The history of illegitimacy has evolved since the 1970’s from pessimistic assessments
that perceived single motherhood as a form of deviance among impoverished
and mobile sections of the population, to recent optimistic assessments that stress
the agency of single mothers, their relative local belonging and the leniency of local
governments towards them. Based on a case study on illegitimacy in the eighteenthcentury
Dutch city of Leiden, this article argues that veracity is to be found in both
readings of the fates of single mothers. A comparative analysis of single mothers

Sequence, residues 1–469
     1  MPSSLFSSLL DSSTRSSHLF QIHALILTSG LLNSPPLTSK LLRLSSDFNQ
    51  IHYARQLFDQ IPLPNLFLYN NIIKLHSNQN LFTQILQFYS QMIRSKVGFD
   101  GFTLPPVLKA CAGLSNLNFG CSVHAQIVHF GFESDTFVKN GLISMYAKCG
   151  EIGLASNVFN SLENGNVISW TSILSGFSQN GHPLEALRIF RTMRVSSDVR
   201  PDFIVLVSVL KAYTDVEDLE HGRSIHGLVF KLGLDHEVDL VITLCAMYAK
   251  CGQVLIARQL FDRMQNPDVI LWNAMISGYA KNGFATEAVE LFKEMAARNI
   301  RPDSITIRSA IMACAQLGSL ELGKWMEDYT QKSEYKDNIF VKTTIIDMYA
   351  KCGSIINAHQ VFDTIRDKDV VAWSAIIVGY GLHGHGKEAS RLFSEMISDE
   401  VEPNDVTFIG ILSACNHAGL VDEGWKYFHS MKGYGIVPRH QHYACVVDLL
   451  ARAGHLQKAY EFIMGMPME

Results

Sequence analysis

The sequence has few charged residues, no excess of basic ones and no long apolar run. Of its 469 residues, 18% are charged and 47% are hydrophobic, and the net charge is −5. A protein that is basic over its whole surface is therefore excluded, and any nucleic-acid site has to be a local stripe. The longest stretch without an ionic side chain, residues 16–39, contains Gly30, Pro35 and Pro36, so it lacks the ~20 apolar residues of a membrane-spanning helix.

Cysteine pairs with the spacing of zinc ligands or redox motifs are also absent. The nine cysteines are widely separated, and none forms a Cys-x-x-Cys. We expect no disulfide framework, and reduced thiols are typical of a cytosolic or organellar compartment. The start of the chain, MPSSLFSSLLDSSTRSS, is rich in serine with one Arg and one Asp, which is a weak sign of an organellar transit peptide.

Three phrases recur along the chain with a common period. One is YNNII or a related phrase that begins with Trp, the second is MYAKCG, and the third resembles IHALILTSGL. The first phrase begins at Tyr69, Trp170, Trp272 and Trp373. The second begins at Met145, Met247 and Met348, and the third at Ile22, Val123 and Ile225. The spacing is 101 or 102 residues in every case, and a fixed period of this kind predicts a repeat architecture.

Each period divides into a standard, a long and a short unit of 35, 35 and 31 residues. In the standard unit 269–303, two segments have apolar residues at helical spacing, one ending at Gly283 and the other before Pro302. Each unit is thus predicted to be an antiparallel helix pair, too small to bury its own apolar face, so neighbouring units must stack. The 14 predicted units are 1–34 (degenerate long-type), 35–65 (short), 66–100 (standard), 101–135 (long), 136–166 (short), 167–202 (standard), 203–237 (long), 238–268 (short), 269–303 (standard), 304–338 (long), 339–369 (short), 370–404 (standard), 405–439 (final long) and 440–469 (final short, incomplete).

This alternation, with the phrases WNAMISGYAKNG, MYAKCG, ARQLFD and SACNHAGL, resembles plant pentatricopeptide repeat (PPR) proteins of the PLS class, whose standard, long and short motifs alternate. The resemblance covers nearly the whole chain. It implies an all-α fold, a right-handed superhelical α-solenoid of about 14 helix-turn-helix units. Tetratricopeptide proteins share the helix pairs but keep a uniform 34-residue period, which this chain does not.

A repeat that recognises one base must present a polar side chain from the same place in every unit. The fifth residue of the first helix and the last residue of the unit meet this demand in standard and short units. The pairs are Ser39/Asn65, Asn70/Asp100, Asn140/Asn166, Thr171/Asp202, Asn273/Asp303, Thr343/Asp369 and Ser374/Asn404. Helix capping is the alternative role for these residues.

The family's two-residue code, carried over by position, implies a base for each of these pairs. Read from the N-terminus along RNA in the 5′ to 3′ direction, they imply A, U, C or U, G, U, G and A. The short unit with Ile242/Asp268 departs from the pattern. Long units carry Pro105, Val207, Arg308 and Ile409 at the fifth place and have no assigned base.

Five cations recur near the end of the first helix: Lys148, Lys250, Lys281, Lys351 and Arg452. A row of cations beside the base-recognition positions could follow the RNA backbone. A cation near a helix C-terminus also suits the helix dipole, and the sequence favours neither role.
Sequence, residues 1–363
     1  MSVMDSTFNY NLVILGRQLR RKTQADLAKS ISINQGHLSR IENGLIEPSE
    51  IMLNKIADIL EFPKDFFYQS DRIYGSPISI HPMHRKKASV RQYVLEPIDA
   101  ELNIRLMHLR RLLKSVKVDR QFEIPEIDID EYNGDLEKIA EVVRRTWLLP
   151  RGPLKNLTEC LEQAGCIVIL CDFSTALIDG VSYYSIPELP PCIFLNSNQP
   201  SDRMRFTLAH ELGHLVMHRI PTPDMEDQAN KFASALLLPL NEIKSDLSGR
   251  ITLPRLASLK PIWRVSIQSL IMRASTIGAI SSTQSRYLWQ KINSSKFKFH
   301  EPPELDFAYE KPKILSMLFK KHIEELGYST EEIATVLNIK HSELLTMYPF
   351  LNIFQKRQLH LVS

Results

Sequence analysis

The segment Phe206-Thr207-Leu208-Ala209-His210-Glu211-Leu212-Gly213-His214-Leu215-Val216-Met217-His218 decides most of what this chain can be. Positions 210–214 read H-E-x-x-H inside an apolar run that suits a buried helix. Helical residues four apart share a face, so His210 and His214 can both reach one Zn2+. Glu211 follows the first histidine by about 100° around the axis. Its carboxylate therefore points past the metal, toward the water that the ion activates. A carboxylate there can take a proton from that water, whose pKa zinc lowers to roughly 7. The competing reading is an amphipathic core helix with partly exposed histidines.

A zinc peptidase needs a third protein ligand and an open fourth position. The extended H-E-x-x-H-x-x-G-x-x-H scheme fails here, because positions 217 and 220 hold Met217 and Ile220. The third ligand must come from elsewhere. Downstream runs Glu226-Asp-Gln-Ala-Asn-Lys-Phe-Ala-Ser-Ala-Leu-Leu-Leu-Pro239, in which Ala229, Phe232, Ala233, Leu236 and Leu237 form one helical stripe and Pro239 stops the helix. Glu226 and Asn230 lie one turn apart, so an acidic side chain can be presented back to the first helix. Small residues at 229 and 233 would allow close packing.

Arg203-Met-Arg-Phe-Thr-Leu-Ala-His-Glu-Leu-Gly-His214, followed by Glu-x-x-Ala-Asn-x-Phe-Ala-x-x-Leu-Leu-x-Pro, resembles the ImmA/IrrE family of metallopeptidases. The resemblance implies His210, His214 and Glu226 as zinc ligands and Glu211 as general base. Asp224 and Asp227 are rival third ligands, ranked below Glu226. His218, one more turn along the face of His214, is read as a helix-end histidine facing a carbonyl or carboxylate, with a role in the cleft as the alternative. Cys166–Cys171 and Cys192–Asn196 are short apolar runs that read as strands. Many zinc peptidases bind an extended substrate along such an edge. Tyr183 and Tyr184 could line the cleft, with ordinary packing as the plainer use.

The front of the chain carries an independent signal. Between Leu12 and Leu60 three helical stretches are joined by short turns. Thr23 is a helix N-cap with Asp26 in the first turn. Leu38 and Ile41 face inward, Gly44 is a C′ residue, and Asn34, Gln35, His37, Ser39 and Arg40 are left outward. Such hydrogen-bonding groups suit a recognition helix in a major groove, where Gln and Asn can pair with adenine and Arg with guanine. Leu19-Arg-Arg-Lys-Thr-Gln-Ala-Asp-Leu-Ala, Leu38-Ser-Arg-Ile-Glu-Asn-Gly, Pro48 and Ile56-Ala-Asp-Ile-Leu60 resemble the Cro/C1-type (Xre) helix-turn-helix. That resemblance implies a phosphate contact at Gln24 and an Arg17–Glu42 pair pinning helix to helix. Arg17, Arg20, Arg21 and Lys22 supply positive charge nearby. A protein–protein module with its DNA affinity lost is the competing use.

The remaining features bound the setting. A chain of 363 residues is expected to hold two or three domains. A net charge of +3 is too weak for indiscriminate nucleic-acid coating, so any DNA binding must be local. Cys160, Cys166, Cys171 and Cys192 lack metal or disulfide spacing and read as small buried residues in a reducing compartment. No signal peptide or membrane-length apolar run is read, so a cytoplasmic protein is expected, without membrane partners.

who took legal recourse in paternity matters and those who did not, shows how only
a limited part of single mothers exercised legal agency. The litigating mothers shared
certain characteristics: they often came from families who were beneficiaries of poor
relief, they baptized their children in the Dutch reformed churches and more often
than not their own father was still alive. The article hypothesizes that the consistory
and overseers of the poor actively encouraged legal action. The case study evidences
that the barriers for single mothers to use these judicial means were considerable.
These obstacles were not financial in nature, but rather related to the women’s
social and cultural distance from the elites who staffed the local law courts.
Original languageEnglish
Pages (from-to)51-73
JournalJournal of Social History
Issue number3
Publication statusPublished - 1 Jun 2016

    Research areas

  • Social History, Early Modern, Low Countries, Legal History

ID: 20643866